On the days I routinely work at the out-patients enquiry desk at the local hospital I regularly witness a series of flotillas comprising a leading man followed by two ladies in full burqah and nihab. The sequence is rather like the one you see of migrating birds which appears as a sort of triangle with a leader in the van and a graduating breadth behind. I am struck by what I see as the irony of this arrangement. As I perceive it, the cover-all garments are intended to protect the modesty of the wearers and render them more or less invisible. As you will have realised , the effect is, in our western culture, exactly the opposite: the women are infinitely more conspicuous by very reason of the total concealment of face and form. A friend recently reported her young Grandson as having asked how his little friends at the school gates would recognise their own Mummy. I have to assume it is either by a pre-arranged position or by voice. Anyway, there are no dramatic reports of any small people being inadvertantly fed at the wrong table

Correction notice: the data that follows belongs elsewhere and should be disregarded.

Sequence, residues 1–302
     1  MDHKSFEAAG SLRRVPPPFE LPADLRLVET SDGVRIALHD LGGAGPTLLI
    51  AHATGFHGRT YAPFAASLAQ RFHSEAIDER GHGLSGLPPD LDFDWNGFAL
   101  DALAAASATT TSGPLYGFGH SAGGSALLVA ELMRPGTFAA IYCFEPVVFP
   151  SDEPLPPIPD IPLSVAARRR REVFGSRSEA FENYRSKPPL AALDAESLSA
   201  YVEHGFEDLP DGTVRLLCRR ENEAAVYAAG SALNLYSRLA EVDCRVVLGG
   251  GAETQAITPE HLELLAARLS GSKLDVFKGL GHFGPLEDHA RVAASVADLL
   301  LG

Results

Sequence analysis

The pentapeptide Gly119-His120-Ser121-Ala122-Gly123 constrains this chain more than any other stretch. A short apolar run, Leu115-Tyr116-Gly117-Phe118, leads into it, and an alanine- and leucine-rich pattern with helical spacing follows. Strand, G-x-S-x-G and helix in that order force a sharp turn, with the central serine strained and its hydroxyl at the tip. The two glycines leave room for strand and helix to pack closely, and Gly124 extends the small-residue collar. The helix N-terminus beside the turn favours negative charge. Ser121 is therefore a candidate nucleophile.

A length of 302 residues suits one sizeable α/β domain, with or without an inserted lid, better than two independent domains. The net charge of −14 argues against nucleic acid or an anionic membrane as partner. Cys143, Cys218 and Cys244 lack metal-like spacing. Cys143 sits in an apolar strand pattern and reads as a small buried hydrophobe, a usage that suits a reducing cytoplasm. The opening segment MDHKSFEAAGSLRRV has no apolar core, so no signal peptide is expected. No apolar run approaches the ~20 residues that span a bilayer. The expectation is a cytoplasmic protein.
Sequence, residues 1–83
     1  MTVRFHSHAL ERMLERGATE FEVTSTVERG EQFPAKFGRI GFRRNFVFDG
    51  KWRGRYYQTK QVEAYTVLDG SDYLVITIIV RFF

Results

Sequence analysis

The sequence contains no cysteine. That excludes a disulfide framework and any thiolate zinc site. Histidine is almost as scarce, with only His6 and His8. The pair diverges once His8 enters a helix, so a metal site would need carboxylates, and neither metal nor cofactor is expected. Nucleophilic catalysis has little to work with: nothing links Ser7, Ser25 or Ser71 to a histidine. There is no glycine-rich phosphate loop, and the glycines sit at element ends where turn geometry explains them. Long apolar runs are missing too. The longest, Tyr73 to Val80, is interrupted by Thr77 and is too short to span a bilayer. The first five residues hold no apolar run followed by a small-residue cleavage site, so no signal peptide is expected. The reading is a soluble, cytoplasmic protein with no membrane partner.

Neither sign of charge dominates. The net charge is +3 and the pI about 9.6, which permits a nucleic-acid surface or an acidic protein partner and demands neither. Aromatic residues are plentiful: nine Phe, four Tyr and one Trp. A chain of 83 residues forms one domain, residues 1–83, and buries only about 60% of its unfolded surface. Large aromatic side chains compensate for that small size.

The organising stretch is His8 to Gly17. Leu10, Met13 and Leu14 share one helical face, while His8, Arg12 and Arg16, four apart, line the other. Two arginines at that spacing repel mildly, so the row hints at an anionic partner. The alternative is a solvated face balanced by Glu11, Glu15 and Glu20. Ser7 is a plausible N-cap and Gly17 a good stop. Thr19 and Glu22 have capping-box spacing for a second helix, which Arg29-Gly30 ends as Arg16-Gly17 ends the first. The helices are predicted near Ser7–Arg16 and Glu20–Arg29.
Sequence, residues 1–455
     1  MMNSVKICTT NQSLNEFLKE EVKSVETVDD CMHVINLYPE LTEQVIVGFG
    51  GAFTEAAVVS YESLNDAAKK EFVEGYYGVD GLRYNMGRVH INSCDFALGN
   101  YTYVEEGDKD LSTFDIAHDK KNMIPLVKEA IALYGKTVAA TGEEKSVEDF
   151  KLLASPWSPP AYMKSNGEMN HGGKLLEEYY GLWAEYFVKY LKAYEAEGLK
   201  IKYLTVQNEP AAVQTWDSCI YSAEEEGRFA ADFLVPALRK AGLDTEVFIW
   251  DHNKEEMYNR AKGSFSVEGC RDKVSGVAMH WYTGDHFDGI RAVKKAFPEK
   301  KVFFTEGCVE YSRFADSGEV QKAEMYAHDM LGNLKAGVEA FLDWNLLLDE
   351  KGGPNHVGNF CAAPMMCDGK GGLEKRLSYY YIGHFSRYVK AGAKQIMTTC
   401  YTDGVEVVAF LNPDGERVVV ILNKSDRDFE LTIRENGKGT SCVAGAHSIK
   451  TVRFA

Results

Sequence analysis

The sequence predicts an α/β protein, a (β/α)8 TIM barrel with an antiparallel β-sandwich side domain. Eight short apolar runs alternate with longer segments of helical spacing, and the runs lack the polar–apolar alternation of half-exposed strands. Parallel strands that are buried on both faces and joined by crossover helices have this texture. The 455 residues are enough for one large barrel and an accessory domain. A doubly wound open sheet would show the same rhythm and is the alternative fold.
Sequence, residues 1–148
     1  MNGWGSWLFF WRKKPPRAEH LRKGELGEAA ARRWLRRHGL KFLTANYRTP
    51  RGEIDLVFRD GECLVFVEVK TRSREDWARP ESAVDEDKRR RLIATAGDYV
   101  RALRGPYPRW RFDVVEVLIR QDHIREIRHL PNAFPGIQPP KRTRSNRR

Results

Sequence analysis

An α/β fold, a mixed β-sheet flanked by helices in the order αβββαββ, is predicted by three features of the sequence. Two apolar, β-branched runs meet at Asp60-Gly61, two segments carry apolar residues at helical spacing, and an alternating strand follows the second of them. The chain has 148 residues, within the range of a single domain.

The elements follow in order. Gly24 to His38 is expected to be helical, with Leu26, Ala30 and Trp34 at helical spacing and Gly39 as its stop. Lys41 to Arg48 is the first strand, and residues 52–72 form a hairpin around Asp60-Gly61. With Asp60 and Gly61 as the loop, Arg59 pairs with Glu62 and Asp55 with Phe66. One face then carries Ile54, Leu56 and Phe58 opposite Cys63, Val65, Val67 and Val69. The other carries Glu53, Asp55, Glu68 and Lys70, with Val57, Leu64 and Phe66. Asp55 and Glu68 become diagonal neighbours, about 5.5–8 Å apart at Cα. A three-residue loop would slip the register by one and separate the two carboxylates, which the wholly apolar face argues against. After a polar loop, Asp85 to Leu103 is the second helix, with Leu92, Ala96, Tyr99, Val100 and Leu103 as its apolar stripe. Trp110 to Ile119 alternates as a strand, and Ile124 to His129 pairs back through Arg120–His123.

I have put to you many times one predicament of the elderly. There is a way in which we become totally invisible. I find myself bumped into, cut across, overtaken in to the lift and 'bus and enduring coats hung on a hook immediately behind my seat which is intended for the incumbent, only, of such seat. No "Do you mind", "excuse me" or anything indicating that there is an awareness of the presence of another human being.The Hospital provides yet another illustration. On the corner of the Enquiry Desk there is an internal telephone. Frequently, a young medic will appear, pick up the telephone, have a long consultation, put the phone down again and walk off as if leaving an own phone. The three hundred and forty fifth time this happenned, I took my courage in both hands and called after the offender "You are welcome". Not a hair was turned and, indeed, it was I who was left in the wrong for the heinous crime of churlish intervention. Not long ago, I was walking on the right of a narrowish corridor at a concert venue in order to be well-placed for the lift to the auditorium which was situated to the right in a lobby further along. As I emerged in to this lobby, I was confronted by a young woman and her male companion heading in the direction from which I had just come. I, being more than three score and ten with a stick, stopped. So did she/they. For what seemed like a very long moment this woman, half my age with no walking aid and I maintained a mute stand-off. Eventually, she did take a step backwards at which point, as I proceeded liftwards, I heard the man say, fortissimo, "I can't believe what manners have come to these days". I wish I had had the b...s to go after them and clarify who had which manners. I didn't .Clearly, there is only one thing for it: I shall Liz forth and equip myself with Burqah and hijab and let my cloak of invisibilty serve to make me as visible as the nose on your face. Prynhawn da.